Texas A&M’s Heisman Marketing Plan

Johnny Manziel, 20, became the first freshman to win the Heisman Trophy on December 8, 2012.

It took 78 years for a freshman to win college football’s most prestigious award, but it finally happened this year. Texas A&M QB Johnny Manziel became the first freshman to win the Heisman Trophy on Saturday night. Manziel beat out Notre Dame LB Manti Te’o and Kansas State QB Collin Klein to become the second Aggie to win the Heisman Trophy.

Manziel succeeded Ryan Tannehill at Texas A&M, a QB who was the ninth pick in the 2012 NFL Draft by the Miami Dolphins. Manziel led the Aggies with 4,600 all-purpose yards (the most in SEC history) and 43 touchdowns. After A&M upset then #1 Alabama, Manziel earned the moniker “Johnny Football”. Now, Texas A&M isn’t wasting any time marketing Manziel and the Heisman.

Manziel will be featured on a Times Square billboard tomorrow, and full-page advertisements for Manziel and Texas A&M will be featured in the New York Times and USA Today. Website advertisements have also been purchased, and the Manziel family is in the process of securing the trademark “Johnny Football” to use once Manziel graduates from college.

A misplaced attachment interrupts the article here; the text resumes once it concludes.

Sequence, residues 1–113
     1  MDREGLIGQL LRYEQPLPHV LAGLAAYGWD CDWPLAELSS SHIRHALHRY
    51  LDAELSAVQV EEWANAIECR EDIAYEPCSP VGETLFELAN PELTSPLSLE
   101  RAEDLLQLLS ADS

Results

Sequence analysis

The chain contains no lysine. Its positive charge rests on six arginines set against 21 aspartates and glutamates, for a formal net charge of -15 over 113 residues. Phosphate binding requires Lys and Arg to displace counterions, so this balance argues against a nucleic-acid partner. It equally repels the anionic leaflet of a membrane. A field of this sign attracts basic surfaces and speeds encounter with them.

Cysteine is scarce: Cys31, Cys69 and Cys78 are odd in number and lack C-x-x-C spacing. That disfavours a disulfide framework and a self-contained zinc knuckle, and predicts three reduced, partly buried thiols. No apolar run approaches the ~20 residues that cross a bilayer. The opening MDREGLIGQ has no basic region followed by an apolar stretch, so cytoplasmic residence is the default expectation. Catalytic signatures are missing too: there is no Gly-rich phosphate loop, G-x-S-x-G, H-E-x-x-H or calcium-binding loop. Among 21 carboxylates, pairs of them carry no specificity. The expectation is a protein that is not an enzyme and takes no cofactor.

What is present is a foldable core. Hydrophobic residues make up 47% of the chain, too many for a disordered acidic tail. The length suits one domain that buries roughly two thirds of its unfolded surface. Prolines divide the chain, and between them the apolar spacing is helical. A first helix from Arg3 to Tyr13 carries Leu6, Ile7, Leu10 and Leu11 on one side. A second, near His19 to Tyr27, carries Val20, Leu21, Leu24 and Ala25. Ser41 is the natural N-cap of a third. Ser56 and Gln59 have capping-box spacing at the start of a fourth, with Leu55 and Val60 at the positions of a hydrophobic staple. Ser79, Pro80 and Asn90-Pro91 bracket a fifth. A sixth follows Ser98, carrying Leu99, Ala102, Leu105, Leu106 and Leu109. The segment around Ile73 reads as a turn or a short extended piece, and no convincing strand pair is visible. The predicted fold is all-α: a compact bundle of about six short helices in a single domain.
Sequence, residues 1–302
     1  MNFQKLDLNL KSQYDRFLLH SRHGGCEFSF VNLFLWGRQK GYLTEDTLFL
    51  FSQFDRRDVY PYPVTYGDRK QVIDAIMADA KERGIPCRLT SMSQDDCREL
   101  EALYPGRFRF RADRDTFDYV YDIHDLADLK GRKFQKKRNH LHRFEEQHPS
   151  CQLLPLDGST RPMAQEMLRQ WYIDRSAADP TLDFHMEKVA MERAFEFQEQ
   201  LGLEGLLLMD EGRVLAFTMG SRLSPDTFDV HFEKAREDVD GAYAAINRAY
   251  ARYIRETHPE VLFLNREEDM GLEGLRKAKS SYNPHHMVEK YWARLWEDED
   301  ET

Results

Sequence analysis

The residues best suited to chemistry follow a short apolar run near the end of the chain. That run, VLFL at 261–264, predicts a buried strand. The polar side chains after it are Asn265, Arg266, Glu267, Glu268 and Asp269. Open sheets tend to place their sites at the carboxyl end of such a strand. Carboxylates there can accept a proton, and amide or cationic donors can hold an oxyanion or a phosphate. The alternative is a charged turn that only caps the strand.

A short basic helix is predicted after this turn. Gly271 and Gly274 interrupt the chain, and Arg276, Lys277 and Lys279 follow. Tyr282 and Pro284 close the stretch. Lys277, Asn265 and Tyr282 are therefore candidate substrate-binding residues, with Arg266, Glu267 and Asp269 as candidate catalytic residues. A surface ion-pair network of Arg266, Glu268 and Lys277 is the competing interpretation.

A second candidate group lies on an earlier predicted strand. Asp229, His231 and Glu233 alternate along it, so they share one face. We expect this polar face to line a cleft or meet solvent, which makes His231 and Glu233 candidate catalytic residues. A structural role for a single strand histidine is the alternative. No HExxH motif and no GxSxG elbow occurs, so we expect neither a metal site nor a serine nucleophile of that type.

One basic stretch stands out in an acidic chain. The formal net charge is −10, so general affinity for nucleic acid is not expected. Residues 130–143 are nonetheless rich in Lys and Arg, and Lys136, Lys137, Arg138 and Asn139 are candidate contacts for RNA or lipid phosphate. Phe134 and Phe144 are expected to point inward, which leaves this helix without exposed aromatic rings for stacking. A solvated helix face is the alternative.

But while this marketing may bring attention to Texas A&M, the school can not profit from the campaign, according to NCAA rules. Still, that has not stopped apparel manufacturers like Adidas from creating Texas A&M apparel with Heisman references. Still, the school expects to make serious money from the Heisman Trophy victory by Manziel. Last year, Baylor University issued a  report claiming that Robert Griffin III’s Heisman victory earned the school more than $200 million. Texas A&M expects to earn even more.

And while the school may benefit financially, Manziel can do nothing to pad his own bank account. As a redshirt freshman, he is not eligible to enter the NFL Draft until 2014, and cannot sign endorsement or sponsorship contracts while he is still enrolled in school. His best bet is to go outplay his own expectations next season and win another Heisman. Until then, “Johnny Football” remains a nickname, not a slogan.

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